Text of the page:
The Sydney, Australia based Naremburn House was designed by Bijl Architecture who faced a number of challenges during the planning process, due to both site and location restrictions. To accommodate the design, they utilized shifting volumes and geometries to result in a variety of irregularities.
The clients wanted a light-filled interior, completely unique rooms (no square ones), and a place to “live long”. With the site’s irregular landscape, they incorporated subtle level changes and updated Dutch gable and catslide roof forms, which helped to keep the front facade nice and compact.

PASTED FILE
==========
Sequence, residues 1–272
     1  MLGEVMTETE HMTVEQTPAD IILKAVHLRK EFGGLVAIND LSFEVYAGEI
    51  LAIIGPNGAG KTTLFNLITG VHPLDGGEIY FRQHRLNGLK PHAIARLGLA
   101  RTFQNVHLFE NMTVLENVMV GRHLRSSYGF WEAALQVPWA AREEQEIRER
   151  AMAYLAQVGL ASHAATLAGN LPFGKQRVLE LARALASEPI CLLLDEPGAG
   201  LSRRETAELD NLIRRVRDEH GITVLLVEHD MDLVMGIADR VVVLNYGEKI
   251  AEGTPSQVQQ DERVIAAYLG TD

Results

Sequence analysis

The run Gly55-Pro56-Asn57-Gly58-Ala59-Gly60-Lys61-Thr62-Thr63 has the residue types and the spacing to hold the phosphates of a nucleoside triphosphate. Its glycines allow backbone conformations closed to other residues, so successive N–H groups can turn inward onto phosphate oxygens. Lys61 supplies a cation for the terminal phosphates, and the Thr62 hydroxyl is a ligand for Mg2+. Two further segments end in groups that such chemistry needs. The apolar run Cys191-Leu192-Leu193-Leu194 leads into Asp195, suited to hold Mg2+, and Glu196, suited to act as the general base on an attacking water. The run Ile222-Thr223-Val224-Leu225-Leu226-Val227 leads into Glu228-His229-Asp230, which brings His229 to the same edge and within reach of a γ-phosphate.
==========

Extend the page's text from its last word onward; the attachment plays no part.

In the back, a patio and pool extend right off the living room which opens up via floor-to-ceiling doors and windows.
The changing volume heights allowed for open plan living and unique angles on the interior.
A central staircase is located against a sculptural wall made of Corian, which adds a geometric texture to the double-height wall. The wall was co-designed by Bijl Architecture and AR-MA.
Photos by Katherine Lu.